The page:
By NEIL HARTNELL
Tribune Business Editor
Grand Bahama Power Company has “not changed its position one iota”, despite URCA executives yesterday expressing hope it will negotiate a settlement to their regulatory dispute.
Well-placed Tribune Business sources said that while the Freeport-based energy monopoly was willing to listen to the regulator’s viewpoint, it had not changed its stance that the Grand Bahama Port Authority (GBPA) - not URCA - has the exclusive right to regulate utilities in the Port area.
“The litigation is still afoot,” one contact, speaking on condition of anonymity, told this newspaper. “There have been overtures from URCA to have discussions with GB Power and its representatives regarding the application of the Electricity Act to the Port Area.
“Those discussions have not taken place. Both sides need to fix a date for them to happen, but GB Power’s position is as reflected in the court process; it has not changed one iota. They’re not sure what URCA hopes to achieve, but as a good corporate citizen GB Power is prepared to sit down and listen.”
GB Power’s seemingly ‘dug in’ position is likely to dismay the Utilities Regulation and Competition Authority (URCA), which is hoping that negotiations will resolve the dispute over whether it or the GBPA has regulatory authority in Freeport.
Shevonn Cambridge, URCA’s head of energy regulation, yesterday told Tribune Business: “I think that right now we’re at a position where there’s discussions between the parties to try and reach an amicable resolution of the matter.
“I don’t think it’s a full legal-type dispute right now. There’s discussions going on about it. I don’t think they’re [GB Power] objecting to being regulated. It’s a matter of whether they’re regulated by the Port Authority or URCA, or if it’s going to be a shared responsibility.”
Mr Cambridge denied that the ongoing litigation, launched more than a year ago, was an impediment to URCA’s ability to fulfill its mandate under the Electricity Act and regulate the entire Bahamian energy sector.
“The important thing is ensuring the quality of service to the consumer,” he added. “As we deal with other licensees, consumers will see the benefits of it, and whether it’s a legal thing or push from the consumer base that’s how this thing works.”
Yet GB Power’s position seemingly undermines URCA’s optimism that it will itself be able to license the Freeport-based utility via a Public Electricity Supplier License (PESL), once its August 16 licensing consultation is completed.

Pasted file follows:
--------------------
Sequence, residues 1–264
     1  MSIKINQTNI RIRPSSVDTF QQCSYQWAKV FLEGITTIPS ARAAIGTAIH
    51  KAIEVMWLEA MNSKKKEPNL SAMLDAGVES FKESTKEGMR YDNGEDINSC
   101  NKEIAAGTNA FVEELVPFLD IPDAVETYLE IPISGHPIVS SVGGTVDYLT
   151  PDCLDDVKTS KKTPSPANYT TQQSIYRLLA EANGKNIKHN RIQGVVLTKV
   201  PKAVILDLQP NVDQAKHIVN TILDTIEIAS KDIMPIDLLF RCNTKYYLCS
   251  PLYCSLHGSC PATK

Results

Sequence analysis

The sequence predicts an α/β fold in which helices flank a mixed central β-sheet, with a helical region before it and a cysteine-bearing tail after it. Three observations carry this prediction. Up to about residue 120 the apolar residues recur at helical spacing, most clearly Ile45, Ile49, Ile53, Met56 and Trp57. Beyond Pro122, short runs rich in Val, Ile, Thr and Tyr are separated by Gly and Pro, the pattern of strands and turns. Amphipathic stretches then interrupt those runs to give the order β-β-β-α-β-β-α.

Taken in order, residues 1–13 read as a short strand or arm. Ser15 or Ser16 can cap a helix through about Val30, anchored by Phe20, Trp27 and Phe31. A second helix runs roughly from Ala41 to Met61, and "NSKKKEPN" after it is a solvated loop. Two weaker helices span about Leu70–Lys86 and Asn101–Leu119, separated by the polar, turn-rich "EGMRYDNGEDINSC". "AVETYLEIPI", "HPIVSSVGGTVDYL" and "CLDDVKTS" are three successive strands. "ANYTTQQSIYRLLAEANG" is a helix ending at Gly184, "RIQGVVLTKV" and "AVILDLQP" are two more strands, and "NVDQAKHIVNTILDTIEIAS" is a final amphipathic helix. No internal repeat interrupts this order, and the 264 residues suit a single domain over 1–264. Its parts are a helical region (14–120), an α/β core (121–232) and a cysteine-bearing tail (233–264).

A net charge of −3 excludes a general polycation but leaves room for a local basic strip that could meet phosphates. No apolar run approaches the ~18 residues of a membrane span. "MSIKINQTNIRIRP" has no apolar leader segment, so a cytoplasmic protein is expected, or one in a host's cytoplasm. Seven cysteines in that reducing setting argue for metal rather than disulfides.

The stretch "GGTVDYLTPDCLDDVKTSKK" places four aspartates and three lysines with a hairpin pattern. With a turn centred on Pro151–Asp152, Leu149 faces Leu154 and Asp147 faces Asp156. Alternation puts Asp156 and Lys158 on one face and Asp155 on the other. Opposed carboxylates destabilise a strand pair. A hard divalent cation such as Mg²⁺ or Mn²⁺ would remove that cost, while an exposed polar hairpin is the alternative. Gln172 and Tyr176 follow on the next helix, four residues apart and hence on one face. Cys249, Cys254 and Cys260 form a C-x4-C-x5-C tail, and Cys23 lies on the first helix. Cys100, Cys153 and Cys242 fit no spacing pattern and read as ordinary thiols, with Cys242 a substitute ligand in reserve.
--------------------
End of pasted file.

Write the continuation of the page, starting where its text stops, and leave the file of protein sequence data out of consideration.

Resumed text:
Acknowledging that the one-year license it was supposed to issue to GB Power last year never happened, URCA’s consultation document stated: “After this consultation process, URCA proposes to renew the PESL issued to BPL (Bahamas Power & Light) and also grant a PESL to GB Power.”
The URCA document also proposes the creation of an Authorised Public Supplier License (APSEL), which could be interpreted as an attempt to get around GB Power’s legal action and the provisions of Freeport’s founding treaty, the Hawksbill Creek Agreement.
This states that URCA can grant such a license to an entity or person “who has been granted an approval in writing by the Grand Bahama Port Authority to construct and operate an electricity supply system, and perform GTDS (generation and transmission/distribution services) functions in the Port area”.
However, Tribune Business was told that GB Power is holding firm to its position that the Hawksbill Creek Agreement gives the GBPA absolute regulatory authority for energy and utilities in the Port area.
“That agreement is really clear from our perspective,” said one contact, speaking on condition of anonymity. “The Port Authority has the sole and exclusive right to supply, and establish the terms and conditions of supply, for electricity and utilities situated in the Port area.”
To modify that provision, the source pointed out that approval by four-fifths of the GBPA’s 3,500 licensees, together with the Government and GBPA itself, would be required.
GB Power initiated its legal action last summer to prevent URCA “from regulating, or seeking to exercise licensing and regulatory authority”, over it.
Its amended statement of claim, filed on July 7, 2016, wants the Supreme Court to declare that GB Power can carry on its business without requiring a public electricity supplier licence from URCA.
GB Power’s action is founded on the basis that, as a GBPA licensee, it is licensed and regulated by the latter via the Hawksbill Creek Agreement - and not by URCA and the Electricity Act 2015.
It is arguing that the Electricity Act’s sections 44-46, which give URCA the legal right to license and oversee energy providers, “are inconsistent, and conflict with, the rights and privileges vested in [GB Power] and the Port Authority” by the Hawksbill Creek Agreement.